The N.C. Office of Recovery and Resiliency (NCORR) has signed a memorandum of agreement with the state Housing Finance Agency that will provide $16.6 million for affordable housing developments in two areas recovering from Hurricane Matthew. The funds will be used to build housing in Fayetteville and Goldsboro for low-and-moderate income families impacted by the storm.
The McArthur Park II project in Fayetteville will include 80 affordable units for families, while the Wayne Adair Gardens project in Goldsboro will include 48 affordable units to house elderly members of the community.
“Many areas in eastern North Carolina had an affordable housing shortage that grew even worse when hundreds of homes were damaged or destroyed by storms and flooding,” said Governor Roy Cooper. “As part of the state’s recovery and resiliency plan, we will continue to address this housing shortage so that North Carolinians can continue to rebuild their lives in affordable, safe homes.”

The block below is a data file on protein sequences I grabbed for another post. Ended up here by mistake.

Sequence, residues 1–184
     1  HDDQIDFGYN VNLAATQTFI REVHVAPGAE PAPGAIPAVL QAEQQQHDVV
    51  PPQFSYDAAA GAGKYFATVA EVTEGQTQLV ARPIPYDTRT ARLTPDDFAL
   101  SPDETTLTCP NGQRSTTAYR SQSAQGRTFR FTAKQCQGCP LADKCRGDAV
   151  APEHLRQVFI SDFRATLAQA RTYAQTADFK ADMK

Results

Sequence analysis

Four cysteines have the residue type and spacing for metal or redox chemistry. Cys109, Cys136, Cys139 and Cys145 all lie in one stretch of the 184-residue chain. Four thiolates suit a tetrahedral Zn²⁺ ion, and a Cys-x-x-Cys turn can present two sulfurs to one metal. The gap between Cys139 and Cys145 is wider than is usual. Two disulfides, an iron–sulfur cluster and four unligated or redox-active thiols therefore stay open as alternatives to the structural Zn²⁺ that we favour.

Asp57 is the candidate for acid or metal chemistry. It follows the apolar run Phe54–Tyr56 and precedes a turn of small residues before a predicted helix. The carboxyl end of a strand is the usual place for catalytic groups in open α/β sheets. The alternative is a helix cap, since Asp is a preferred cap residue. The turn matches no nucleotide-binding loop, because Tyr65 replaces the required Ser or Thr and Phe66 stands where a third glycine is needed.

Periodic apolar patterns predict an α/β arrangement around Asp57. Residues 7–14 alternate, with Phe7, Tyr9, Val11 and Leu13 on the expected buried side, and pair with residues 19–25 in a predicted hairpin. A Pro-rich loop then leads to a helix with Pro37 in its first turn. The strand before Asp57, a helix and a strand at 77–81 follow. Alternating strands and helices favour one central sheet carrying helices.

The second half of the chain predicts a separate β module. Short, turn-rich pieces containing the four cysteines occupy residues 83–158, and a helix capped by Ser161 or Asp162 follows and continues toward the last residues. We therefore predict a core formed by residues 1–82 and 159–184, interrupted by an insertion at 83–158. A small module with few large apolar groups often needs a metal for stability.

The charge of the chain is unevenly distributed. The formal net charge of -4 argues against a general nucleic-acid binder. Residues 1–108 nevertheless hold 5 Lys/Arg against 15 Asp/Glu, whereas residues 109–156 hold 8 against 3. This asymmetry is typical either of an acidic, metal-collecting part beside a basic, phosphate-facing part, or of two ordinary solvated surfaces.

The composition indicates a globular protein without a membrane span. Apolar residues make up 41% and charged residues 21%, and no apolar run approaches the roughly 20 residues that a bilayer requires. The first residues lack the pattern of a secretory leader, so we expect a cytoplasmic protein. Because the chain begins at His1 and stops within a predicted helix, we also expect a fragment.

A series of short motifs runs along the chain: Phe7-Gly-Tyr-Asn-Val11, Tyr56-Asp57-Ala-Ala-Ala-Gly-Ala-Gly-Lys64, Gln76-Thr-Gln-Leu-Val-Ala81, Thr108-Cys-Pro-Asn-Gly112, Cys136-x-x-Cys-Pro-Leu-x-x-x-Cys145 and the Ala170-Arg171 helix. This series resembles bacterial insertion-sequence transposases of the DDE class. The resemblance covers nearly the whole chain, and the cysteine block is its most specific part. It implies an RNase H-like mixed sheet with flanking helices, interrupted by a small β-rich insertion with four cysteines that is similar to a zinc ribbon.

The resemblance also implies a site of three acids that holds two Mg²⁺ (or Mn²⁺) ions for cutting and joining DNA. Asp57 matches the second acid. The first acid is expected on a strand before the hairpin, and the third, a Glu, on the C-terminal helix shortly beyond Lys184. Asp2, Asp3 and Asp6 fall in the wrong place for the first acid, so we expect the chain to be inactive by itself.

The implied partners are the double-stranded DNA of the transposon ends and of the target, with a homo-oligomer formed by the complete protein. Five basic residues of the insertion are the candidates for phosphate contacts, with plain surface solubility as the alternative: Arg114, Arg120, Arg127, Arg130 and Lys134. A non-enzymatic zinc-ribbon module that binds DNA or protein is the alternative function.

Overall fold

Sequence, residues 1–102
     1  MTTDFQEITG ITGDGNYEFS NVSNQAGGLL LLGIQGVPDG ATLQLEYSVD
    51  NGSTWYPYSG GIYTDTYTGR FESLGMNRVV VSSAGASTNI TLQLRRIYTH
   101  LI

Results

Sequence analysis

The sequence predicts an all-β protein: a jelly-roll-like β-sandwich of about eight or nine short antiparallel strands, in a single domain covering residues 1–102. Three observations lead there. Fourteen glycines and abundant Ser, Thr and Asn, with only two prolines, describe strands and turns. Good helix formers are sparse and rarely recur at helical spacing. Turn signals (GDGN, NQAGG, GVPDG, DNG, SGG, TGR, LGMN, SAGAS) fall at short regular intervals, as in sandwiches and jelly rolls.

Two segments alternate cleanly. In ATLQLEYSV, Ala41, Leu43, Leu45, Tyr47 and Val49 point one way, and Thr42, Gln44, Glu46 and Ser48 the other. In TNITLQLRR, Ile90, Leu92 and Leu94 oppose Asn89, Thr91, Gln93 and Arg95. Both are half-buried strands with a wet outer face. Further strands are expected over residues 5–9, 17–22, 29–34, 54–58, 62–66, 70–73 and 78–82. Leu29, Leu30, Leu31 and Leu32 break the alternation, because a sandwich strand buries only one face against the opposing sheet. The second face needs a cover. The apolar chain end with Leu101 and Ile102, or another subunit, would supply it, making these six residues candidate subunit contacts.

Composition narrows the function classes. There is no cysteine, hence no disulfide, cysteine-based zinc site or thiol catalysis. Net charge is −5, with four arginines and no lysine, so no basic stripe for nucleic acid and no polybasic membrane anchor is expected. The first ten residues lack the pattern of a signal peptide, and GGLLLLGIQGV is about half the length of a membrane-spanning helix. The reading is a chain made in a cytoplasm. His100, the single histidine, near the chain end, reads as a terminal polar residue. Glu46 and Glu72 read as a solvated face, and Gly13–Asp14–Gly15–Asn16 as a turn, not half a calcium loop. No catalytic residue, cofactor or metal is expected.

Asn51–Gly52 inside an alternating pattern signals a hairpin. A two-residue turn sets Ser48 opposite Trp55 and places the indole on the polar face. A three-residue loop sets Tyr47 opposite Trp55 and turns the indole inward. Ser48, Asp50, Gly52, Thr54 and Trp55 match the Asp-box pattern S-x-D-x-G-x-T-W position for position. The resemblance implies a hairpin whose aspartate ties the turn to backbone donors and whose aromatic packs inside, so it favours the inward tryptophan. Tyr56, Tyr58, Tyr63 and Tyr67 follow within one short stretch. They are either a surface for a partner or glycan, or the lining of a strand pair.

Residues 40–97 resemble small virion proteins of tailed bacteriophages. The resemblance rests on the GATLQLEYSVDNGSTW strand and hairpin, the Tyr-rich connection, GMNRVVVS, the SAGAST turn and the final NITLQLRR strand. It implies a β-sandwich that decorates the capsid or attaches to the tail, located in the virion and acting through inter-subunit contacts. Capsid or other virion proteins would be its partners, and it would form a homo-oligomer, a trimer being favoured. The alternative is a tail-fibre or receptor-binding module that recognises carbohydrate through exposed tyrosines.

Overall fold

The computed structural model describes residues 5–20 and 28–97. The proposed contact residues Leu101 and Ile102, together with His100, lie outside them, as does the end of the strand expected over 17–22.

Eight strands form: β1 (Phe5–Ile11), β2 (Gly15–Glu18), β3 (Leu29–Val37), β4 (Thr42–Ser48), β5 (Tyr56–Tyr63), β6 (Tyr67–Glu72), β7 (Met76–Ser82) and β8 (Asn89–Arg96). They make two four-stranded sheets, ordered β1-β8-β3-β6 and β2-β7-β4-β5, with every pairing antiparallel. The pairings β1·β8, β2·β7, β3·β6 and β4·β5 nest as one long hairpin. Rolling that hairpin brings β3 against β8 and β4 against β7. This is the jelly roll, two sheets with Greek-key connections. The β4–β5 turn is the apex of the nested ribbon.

Established by Governor Cooper in late 2018, NCORR manages the state’s U.S. Housing and Urban Development Department Community Development Block Grant – Disaster Recovery (CDBG-DR) funding for home repairs, reimbursement for work completed and other housing-related issues due to damage from Hurricane Matthew.
“Through this agreement NCORR is able to leverage the Housing Finance Agency’s strong track record of affordable housing development,” said Chief Operating Officer Laura Hogshead. “The CDBG-DR funds will be used to support development of new affordable housing to help vulnerable populations move out of flood-prone areas to safer, more resilient communities.”
North Carolina is still awaiting notification from HUD on the availability of CDBG-DR funding for homes impacted by Hurricane Florence, as well as federal guidelines that will allow the state to use funds allocated for Hurricane Matthew mitigation projects. To date, the state has spent more than $935 million to help impacted communities recover from Hurricane Matthew. Recovery spending for Hurricane Florence has topped $1.7 billion.